oct
3
2017

CITP Luncheon Speaker Series:
Jason Anastasopoulos – Political Image Analysis With Deep Neural Networks

CITP Luncheon Series

Date: Tuesday, October 3, 2017
Time: 12:30 p.m.
Location: 306 Sherrerd Hall
Streaming Live: https://www.youtube.com/user/citpprinceton
Hashtag: #citptalk

No RSVP required for current Princeton faculty, staff, and students. Open to members of the public by invitation only. Please contact Jean Butcher at if you are interested in attending a particular lunch.

Politicians and political organizations routinely interact with voters and the public at large using images, yet until recently, computational limitations have precluded efforts to gain systematic knowledge about how images function as a medium of political communication. New developments in machine learning, however, are bringing the systematic study of images within reach. In this paper, we provide a framework for political image analysis with deep neural networks. In addition to introducing neural networks and deep learning methods, we also discuss some of the promises and pitfalls of these techniques for political image analysis moving forward. Using a database of 296,460 photos from the Facebook pages of members of the U.S. House and Senate, we provide two illustrative examples of how these techniques can be used to study how political figures present themselves to the public through images.

Bio:

Jason Anastasopoulos is CITP’s Microsoft Visiting Professor of Information Technology Policy. Jason’s research focuses on political economy, political institutions, and political methodology. His current research focuses on understanding when, why and how centralized governing bodies delegate policy-making authority. Other research focuses on the interplay between legislative accomplishment and conflicts between interest groups and constituency pressures in the United States.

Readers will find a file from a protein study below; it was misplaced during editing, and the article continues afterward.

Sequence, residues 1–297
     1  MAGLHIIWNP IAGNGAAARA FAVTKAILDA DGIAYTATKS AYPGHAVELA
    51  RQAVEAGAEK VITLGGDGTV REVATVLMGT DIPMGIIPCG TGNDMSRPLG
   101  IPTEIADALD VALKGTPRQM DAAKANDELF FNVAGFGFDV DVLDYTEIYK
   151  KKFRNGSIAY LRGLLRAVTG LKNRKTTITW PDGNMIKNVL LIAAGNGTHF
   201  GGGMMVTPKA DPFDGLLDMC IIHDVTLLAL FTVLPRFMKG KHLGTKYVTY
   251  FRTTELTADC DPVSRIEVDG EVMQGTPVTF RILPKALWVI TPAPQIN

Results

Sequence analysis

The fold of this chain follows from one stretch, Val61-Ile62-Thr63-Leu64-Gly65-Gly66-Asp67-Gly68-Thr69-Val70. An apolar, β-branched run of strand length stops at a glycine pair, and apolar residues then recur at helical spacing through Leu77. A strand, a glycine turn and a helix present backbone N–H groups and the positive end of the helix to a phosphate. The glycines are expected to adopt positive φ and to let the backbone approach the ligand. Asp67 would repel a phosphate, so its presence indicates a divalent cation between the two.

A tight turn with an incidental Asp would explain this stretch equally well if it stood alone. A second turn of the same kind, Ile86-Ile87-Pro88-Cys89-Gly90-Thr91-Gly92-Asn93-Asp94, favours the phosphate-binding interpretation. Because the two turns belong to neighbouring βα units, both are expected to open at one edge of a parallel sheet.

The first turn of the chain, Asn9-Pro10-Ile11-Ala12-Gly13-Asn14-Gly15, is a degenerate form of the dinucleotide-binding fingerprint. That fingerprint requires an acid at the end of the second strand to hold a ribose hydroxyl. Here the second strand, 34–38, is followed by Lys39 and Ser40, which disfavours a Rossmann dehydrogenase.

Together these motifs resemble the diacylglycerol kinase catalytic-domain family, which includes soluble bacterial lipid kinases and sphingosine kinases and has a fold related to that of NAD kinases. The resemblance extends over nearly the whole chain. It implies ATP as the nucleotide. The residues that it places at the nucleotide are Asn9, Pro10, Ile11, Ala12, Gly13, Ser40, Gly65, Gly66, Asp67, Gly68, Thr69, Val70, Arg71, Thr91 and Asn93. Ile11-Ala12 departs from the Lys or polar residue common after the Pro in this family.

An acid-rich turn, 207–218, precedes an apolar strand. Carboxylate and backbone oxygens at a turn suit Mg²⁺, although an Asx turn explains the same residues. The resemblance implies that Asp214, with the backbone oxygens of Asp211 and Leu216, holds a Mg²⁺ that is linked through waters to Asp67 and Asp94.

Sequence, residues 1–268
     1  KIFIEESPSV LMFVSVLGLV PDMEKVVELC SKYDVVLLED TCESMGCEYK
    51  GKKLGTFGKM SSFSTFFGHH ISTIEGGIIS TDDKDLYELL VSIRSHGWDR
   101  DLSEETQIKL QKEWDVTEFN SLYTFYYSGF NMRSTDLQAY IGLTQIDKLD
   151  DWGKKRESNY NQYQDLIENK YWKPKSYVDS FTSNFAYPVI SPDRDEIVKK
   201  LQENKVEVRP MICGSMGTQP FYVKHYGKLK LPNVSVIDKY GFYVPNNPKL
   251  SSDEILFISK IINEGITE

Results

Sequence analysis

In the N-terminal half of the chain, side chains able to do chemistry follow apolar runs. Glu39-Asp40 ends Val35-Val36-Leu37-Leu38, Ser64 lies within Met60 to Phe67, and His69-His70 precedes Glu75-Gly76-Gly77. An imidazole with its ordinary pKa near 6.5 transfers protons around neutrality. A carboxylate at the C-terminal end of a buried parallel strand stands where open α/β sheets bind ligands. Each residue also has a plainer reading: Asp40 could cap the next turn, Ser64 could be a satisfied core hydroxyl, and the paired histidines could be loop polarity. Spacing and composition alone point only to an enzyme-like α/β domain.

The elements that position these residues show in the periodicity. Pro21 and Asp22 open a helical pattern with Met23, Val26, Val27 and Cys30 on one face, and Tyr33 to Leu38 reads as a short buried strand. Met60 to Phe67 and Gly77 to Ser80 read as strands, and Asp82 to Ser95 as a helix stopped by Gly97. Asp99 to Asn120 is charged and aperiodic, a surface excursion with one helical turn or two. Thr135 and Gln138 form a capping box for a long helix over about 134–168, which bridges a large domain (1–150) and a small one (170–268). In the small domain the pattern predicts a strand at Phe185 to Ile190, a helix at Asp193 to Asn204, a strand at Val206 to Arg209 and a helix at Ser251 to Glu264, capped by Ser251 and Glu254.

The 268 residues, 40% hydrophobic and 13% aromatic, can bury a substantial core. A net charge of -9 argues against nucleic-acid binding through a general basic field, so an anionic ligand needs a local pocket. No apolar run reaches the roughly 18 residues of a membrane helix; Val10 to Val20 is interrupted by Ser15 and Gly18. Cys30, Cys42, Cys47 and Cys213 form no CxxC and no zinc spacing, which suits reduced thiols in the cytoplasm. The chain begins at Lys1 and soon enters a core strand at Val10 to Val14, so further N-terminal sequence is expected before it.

While at Princeton, Jason plans to study the political economy of cryptocurrencies such as Bitcoin and their potential impacts on political institutions and monetary policy.

Jason’s research interests in political methodology include machine learning methods for text and image analysis with a special interest Bayesian inference for causal inference, deep learning, network analysis and the emerging field of algorithmic game theory. Projects in political methodology include the development of causal inference methodologies for time series data using deep learning methods such as Long Short Term Memory (LSTMs) neural networks and General Adversarial Networks (GANs).